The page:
However, those hoping for wholesale change, wishing that against all odds the “young Turks” will emerge victorious over the old guard, are likely to be disappointed.  

Most Zimbabweans still primarily obtain information from the national broadcaster, the ZBC, which is seen to give more coverage to ZANU-PF events. This is a privilege which the opposition feels gives the ruling party a distinct advantage in terms of national reach considering that there are no other local  TV stations in Zimbabwe.

The preliminary results suggest ZANU-PF is likely to retain its hold over the legislature.  The presidential results, however, are still outstanding and will become apparent in the ensuing hours. However , as the results unfold what is clear is ZANU-PF will definitely be part of Zimbabwe’s future at least until 2023. 

There are a number of possible outcomes. The first –  a Mnangagwa win – would see ZANU-PF secure an outright victory and go on to form the next government. The second scenario – if there is no candidate that secures 50% +1 in the first round – is a run-off election. This is a distinct possibility as most accounts put the presidential race as being too  close to call.  The earliest date being touted is September the other possibility is that of another government of national unity, or an inclusive government, would have to be introduced. The latter would be more plausible assuming a Chamisa win. This would be so although, in theory, Chamisa would be at liberty to appoint any MP and Senator to his cabinet as per Section 104 (3) of Zimbabwe’s constitution.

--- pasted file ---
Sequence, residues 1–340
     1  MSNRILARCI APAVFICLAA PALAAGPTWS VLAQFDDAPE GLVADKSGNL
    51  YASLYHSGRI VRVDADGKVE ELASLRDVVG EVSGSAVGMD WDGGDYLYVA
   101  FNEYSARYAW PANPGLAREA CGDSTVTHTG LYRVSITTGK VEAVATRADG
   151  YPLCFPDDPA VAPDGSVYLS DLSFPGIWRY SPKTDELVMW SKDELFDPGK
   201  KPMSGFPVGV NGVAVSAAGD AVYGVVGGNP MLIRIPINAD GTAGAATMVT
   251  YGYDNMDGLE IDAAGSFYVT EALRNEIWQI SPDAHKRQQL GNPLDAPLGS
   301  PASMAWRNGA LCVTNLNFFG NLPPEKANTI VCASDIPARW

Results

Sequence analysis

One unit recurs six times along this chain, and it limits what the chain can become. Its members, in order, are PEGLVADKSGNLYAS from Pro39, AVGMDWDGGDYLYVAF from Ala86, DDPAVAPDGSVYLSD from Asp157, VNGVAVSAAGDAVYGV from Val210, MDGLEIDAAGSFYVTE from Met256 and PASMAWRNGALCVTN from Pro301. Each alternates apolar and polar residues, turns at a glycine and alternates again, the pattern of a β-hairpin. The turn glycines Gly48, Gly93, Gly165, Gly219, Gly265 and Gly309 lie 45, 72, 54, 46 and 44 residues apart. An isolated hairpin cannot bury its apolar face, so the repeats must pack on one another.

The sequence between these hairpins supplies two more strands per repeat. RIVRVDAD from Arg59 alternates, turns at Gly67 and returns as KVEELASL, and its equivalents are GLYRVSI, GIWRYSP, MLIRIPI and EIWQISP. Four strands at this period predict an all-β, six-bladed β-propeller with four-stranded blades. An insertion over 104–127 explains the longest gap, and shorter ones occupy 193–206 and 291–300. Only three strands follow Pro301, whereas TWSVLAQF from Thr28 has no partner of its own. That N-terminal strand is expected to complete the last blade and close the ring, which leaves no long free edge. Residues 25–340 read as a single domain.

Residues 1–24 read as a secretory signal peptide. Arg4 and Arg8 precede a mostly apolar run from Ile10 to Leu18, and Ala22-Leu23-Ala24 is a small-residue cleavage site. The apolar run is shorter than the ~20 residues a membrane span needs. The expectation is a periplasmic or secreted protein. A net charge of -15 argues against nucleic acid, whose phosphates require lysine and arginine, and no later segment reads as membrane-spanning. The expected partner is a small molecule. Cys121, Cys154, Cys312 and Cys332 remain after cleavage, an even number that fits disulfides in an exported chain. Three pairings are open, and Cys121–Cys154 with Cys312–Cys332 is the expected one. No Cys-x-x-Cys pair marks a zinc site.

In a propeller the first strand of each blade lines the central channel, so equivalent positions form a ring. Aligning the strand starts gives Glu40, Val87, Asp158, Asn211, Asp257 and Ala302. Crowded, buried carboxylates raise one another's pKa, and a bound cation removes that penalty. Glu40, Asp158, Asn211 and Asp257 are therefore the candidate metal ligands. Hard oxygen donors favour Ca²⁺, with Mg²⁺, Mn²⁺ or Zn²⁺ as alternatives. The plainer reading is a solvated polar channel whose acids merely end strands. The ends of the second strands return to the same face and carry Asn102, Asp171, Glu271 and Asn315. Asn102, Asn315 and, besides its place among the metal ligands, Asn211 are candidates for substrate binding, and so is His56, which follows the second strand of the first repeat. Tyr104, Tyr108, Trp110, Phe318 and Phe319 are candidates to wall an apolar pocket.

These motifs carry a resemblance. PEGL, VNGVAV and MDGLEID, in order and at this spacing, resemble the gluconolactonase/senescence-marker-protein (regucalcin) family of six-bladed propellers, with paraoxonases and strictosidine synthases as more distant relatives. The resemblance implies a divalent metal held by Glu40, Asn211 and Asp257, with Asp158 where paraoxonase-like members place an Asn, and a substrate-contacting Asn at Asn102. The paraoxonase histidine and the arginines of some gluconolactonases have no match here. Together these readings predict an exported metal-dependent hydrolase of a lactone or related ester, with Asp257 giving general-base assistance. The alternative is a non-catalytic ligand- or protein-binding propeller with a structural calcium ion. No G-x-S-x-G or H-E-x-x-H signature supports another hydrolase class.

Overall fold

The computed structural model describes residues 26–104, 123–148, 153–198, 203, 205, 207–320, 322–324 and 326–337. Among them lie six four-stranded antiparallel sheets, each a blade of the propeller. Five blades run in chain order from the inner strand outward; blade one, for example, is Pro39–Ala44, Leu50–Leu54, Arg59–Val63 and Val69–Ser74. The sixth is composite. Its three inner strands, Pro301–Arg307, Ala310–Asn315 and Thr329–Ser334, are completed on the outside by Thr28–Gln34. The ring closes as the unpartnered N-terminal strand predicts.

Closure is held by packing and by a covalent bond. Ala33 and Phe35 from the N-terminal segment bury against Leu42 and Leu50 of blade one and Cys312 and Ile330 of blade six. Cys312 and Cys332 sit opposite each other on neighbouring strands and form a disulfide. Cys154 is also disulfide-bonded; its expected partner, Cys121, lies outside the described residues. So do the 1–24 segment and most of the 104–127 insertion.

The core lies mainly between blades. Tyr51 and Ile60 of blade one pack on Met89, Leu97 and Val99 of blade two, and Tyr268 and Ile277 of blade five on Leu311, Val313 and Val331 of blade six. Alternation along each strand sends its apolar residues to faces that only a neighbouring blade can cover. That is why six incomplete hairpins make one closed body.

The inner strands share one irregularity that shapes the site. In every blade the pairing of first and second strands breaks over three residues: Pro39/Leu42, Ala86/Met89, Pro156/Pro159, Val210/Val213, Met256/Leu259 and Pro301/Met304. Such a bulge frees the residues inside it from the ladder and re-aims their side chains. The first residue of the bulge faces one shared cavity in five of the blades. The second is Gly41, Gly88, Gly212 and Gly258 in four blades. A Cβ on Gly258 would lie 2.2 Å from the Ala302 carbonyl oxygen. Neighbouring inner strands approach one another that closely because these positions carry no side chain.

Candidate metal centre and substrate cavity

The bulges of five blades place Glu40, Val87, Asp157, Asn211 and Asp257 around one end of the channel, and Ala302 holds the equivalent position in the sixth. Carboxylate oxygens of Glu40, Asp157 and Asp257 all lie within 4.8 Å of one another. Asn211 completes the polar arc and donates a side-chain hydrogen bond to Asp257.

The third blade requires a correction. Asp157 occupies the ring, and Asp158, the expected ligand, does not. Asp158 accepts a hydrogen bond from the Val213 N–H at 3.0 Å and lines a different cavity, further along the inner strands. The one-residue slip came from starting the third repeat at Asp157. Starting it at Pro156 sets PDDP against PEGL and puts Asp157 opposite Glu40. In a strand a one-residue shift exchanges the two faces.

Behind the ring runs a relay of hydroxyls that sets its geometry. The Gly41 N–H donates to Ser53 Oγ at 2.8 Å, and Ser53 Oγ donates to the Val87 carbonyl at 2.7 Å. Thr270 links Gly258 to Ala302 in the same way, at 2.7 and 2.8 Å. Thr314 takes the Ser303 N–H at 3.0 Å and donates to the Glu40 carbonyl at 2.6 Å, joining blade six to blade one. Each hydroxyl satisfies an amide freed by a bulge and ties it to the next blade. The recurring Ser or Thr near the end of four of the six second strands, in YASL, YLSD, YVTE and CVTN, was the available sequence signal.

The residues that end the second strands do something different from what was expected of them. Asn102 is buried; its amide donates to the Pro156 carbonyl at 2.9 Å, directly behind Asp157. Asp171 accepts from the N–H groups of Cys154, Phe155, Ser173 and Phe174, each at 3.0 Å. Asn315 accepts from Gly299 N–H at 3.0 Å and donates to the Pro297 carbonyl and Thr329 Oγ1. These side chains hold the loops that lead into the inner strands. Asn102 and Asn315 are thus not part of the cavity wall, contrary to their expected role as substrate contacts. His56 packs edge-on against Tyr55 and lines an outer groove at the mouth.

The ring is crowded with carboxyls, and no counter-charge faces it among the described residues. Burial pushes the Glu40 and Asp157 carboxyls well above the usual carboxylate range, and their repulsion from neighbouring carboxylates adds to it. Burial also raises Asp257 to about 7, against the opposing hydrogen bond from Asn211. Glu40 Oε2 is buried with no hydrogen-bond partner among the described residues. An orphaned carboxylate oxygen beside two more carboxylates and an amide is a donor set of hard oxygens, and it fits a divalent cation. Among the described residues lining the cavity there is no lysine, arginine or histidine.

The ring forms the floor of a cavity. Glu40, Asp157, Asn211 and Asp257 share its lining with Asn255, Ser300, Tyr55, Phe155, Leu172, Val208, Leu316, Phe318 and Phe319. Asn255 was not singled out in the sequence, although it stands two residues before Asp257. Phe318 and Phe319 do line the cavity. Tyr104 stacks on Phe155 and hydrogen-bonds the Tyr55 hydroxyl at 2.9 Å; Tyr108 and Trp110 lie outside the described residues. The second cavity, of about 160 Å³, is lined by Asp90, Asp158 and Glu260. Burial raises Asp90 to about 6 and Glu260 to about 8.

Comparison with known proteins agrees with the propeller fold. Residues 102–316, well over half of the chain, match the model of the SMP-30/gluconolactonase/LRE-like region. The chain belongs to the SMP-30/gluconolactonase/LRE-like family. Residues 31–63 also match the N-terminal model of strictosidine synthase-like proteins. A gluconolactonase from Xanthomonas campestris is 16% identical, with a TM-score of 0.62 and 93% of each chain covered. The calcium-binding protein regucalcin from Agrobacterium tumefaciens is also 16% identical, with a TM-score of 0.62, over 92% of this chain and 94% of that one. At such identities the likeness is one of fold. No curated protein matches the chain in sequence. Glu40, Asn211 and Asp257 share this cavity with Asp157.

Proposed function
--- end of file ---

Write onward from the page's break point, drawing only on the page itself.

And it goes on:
Indeed to select a cabinet exclusively from the ranks of MDC Alliance would be self-sabotage as it would be highly unlikely that he would get through his legislative agenda.